In September Samsung recalled the Galaxy Note 7. After a month of trying to correct problems with replacement devices which continued to ignite, Samsung was forced to permanently discontinue the Note 7s. Now, the preliminary findings of Samsung’s investigation into the fires appears to confirm the problems were related to the battery, its irregular size, and “a quick ramp-up” in production of batteries made by third party ATL for replacement phones that caused the problems. Samsung’s debacle shows just how fragile smartphones can be and demonstrates why enterprises need to support telecom departments.
While the iPhone is the lead smartphone for enterprises in the U.S., there is much that telecom managers can learn from Samsung’s costly PR, brand and service nightmare. First, more effort needs to go into testing new models before roll out to employees. Second, mobility management and support for employees is more critical than ever.
Nearly a decade after the iPhone was introduced, advances in hardware for each release no longer make new model a “must have” upgrade. The next wave of advances in smartphones will not be driven by hardware. Instead, the Wall Street Journal and other analysts have determined that software and services will be the drivers as the industry enters its second decade.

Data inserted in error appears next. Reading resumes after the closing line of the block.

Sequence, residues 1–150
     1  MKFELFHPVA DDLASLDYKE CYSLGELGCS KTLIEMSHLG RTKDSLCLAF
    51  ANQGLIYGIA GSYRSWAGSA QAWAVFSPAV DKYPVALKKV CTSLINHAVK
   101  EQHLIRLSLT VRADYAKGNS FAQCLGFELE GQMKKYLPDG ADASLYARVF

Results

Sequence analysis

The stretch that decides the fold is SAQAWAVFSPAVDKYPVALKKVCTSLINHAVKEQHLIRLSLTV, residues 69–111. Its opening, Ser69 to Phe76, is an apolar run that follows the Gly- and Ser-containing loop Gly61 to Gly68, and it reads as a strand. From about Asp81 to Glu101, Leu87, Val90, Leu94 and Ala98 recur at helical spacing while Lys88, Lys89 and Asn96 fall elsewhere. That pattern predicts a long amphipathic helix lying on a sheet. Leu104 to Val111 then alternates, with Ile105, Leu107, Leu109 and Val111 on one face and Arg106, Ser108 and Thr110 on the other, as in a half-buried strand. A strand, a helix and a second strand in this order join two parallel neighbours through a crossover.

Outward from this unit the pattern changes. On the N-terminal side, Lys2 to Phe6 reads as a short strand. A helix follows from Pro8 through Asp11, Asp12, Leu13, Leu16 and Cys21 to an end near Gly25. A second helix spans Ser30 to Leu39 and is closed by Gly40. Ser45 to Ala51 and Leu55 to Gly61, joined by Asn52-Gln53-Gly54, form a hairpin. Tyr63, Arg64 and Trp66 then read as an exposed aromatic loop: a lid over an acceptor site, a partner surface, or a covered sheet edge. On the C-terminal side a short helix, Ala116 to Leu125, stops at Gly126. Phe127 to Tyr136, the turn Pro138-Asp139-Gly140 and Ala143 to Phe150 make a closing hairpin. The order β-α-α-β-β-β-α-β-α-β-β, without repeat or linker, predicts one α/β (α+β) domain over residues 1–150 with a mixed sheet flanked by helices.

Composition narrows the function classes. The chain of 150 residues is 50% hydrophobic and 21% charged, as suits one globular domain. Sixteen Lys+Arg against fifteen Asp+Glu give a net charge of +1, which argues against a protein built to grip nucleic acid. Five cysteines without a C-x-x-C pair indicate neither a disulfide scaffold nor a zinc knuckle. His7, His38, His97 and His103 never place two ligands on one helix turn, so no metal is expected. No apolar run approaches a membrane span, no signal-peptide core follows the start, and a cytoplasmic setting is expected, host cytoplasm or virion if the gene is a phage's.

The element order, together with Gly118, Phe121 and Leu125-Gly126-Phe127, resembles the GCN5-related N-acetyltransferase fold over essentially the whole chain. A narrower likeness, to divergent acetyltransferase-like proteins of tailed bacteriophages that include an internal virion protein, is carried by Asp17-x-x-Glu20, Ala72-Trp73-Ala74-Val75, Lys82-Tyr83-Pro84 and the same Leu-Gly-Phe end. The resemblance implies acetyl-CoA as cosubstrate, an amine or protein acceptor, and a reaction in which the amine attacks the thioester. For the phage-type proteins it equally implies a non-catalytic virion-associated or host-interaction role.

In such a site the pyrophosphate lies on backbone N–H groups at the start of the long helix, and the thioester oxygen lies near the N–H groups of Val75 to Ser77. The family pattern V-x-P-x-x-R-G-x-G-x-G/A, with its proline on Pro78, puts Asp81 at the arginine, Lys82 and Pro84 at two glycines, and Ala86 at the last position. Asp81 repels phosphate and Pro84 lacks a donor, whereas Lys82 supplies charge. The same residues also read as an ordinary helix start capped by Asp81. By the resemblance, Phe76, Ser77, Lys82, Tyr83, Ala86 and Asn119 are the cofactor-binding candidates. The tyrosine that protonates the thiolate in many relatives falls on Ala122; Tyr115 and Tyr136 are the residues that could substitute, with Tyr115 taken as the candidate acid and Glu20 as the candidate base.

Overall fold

As data consumption rises from new applications on smartphones, it will become more important to manage employees’ data plans. Pooling and other approaches are critical to managing expenses. Telecom managers should work proactively to manage usage and control monthly costs for carrier services. Thanks to T-Mobile and Sprint, there are more competitive plans and opportunities to drive savings.
In response to Samsung’s problems, telecom managers must maintain a balance between two contradictory priorities. Enterprises and executives will continue to demand cost reductions from IT and telecom departments. At the same time, telecom managers need to be prepared with more responsive plans to support employees. The indispensable role these devices play calls for reliable back- up of data, security for wiping devices remotely and fast replacement when devices are damaged or lost. Winning the case for a bigger budget will require a strong demonstration that carrier expenses are being managed effectively. At the same time, executives need to recognize that smartphones are part of the critical infrastructure for business continuity and acceleration.